The comment thread was closed after five days and over 300 comments.

I don't really want to write a commentary on this curious business, but I will say that I was not particularly impressed by the way 'Aravis Tarkheena' conducted himself. But others can read the essay and his reaction to it and to me and to fellow commenters and make their own assessments.

* He was writing under the pseudonym of Aravis Tarkheena, but his real identity is generally known: he teaches philosophy at a large American university.

Saturday, August 30, 2014

Proposed changes

I have decided to link both of my blogs to Google Plus. The only significant change as far as current readers are concerned relates to commenting: you have to have or open a Google Plus account in order to comment apparently. Sorry about this, but Blogger minus Google Plus is an increasingly unattractive and inflexible platform.

I have also been thinking about other blogging platforms and options but will be sticking with Blogger for the present at least.

More generally, I have been thinking about topics for possible future posts and I'm putting together a short list of questions and ideas. Since most seem more appropriate for the other blog, I intend to post the list there.

I will, however, be continuing to put up new material here as well. Still have a conservative tendency I guess...

Sunday, August 3, 2014

Watching, waiting and thinking small

I haven't been posting much lately, partly because I've been preoccupied with other matters and partly because I'm a bit more uncertain these days, not about my basic values so much as how those values might relate to current political realities and options.

As I have explained in the past, my kind of conservatism is pragmatic and responsive to changing circumstances. Any intelligent strategy must be responsive in this way.

And circumstances are changing. In terms of global institutions, power relations and general culture, the post-World War II order is fading or failing and it is unclear what kind of order – or disorder – is going to take its place. One thing which is clear is that the more or less continuous economic progress which has underpinned stability in Western democracies seems to be coming to an end.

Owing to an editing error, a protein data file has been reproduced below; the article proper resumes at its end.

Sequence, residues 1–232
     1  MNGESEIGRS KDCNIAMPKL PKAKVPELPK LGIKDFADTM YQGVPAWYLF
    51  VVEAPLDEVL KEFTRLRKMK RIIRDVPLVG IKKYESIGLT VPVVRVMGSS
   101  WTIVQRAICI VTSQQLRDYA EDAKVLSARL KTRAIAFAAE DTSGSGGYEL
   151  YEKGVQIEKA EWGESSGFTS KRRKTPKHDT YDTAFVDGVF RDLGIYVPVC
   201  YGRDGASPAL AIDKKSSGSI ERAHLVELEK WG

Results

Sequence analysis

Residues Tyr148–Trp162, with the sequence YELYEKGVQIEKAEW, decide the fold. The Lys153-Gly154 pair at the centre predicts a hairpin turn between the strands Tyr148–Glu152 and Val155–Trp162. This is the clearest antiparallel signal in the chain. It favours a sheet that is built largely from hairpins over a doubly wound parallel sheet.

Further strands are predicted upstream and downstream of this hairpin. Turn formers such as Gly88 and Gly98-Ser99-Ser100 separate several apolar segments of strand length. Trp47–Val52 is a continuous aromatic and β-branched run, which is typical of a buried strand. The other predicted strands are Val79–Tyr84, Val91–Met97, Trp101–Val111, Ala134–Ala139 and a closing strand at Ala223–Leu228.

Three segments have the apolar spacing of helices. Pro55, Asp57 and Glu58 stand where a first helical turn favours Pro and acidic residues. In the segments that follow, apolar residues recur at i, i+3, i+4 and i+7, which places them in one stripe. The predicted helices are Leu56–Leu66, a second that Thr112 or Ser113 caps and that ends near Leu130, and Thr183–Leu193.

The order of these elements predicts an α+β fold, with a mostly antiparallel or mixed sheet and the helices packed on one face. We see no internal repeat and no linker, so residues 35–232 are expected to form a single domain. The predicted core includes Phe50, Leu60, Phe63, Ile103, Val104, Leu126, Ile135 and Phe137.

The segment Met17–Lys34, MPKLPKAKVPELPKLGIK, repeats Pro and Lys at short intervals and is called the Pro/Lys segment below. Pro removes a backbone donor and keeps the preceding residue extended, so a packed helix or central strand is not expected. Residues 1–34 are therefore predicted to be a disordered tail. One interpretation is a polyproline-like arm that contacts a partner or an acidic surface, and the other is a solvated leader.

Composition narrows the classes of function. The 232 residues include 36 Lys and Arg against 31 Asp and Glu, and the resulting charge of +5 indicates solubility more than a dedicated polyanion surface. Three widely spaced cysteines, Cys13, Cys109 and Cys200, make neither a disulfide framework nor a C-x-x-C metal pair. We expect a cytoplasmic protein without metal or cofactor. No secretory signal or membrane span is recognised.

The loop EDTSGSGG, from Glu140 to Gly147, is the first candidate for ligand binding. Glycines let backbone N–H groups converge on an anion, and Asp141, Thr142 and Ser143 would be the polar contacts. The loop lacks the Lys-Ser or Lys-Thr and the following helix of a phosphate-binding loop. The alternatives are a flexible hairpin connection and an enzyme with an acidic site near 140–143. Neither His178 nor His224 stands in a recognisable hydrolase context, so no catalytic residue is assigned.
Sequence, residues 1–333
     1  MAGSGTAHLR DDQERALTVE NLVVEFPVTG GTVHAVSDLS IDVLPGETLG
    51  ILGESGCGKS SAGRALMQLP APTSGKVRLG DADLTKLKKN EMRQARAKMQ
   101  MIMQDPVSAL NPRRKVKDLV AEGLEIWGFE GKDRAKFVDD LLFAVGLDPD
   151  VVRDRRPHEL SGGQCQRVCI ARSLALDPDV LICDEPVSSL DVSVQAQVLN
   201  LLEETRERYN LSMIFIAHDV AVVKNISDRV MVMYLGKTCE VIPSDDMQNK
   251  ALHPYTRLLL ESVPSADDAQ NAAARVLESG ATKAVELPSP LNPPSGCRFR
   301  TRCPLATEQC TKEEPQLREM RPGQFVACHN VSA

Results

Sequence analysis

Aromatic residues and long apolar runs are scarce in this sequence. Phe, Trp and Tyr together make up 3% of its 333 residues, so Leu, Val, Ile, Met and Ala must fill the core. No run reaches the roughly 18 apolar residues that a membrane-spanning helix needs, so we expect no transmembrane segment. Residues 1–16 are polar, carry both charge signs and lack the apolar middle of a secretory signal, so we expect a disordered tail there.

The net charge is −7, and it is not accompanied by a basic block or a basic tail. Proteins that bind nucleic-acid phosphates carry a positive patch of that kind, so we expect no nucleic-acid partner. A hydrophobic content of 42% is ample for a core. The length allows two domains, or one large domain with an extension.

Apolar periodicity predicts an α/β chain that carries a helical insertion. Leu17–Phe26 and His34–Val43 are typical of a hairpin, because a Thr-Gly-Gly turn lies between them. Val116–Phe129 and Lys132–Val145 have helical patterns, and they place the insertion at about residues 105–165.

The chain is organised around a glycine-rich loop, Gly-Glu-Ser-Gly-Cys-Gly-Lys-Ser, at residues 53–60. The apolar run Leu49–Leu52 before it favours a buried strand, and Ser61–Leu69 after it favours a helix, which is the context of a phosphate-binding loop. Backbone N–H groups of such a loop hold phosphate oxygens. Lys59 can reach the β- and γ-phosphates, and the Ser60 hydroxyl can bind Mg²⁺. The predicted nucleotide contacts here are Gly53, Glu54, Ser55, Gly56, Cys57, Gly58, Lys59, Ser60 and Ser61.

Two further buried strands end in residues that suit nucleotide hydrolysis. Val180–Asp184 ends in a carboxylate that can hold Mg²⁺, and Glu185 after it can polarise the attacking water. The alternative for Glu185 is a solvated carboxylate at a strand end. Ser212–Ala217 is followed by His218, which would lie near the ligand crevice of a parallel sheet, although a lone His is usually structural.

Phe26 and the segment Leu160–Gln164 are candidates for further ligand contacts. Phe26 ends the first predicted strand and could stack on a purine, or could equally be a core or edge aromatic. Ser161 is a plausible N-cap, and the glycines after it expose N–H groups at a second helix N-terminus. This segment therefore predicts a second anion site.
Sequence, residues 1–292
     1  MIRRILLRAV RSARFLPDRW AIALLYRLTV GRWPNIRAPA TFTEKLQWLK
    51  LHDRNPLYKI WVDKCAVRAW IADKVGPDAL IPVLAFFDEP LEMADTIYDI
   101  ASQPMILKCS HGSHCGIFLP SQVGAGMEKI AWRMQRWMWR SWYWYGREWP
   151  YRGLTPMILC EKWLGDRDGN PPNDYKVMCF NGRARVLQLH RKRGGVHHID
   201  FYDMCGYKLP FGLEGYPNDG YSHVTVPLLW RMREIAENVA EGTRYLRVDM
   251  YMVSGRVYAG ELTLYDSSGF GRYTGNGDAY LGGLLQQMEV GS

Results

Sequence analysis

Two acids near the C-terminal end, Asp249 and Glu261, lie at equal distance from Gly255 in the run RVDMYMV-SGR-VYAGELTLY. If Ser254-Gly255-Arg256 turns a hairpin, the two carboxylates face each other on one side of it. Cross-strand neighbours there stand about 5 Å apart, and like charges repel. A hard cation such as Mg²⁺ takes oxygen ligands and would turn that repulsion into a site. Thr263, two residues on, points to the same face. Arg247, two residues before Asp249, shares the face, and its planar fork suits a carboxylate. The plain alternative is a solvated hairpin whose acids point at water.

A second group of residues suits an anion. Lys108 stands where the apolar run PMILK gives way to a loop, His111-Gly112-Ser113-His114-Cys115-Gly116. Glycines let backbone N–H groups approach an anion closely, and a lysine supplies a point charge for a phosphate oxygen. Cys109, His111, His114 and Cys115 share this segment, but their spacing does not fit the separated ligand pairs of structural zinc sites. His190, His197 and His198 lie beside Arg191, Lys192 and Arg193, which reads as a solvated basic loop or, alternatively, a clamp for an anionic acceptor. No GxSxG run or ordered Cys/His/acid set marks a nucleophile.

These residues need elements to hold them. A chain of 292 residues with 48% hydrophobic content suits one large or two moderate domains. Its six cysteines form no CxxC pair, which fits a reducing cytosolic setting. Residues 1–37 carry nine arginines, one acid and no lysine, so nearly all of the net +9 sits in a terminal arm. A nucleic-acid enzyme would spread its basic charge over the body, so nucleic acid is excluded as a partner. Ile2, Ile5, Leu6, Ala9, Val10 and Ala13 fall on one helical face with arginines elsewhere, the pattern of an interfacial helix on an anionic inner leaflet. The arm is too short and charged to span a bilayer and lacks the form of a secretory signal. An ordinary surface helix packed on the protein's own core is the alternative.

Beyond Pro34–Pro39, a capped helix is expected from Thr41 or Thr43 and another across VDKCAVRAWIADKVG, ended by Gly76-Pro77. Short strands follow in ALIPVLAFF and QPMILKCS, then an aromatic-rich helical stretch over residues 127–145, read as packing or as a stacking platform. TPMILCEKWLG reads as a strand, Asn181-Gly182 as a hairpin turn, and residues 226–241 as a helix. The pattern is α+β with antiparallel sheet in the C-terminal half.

Continuing financial and economic troubles portend social and ultimately political crises in Europe and perhaps in the US and other developed countries.

As geo-political and economic realities change, political ideas must change. The basic principles and themes may remain the same but the way individuals interpret them and align themselves doesn't.

Sometimes old ideas gain new relevance, or standard assumptions are exposed as inadequate in the light of current events.

I'm not sure if the political center is shifting in Western countries or if we are simply losing that space which has allowed the center-left and the center-right to cooperate and compete and dominate the political landscape since World War II.

Nor is it clear whether the Chinese model of state capitalism or other possible alternatives to liberal democracy will continue to look viable. Corporatism seems to be making a comeback as well as various forms of economic nationalism. Patriotic protectionism is one of the key policies of many far-right Western European parties (the Front National in France, for example).

I am by nature an observer rather than a player, a political quietist rather than an activist. The distinction between watcher and participator is not a clear one, however. There is no neutral place from which one can watch history unfold; what happens inevitably has ramifying consequences, sometimes very significant consequences. And, if we are talking about epochal changes, everyone will be affected in one way or another.

Could what we are currently witnessing be described as epochal change? I think so. There is certainly a lot going on at the moment.

And, though these changes are driven more by economic realities than anything else, ideas play a part too: the crude, emotion-driven ideas that motivate ordinary people to support this or that leader, to protest or not to protest; as well as the more sophisticated ideas promoted by ideologues and intellectuals.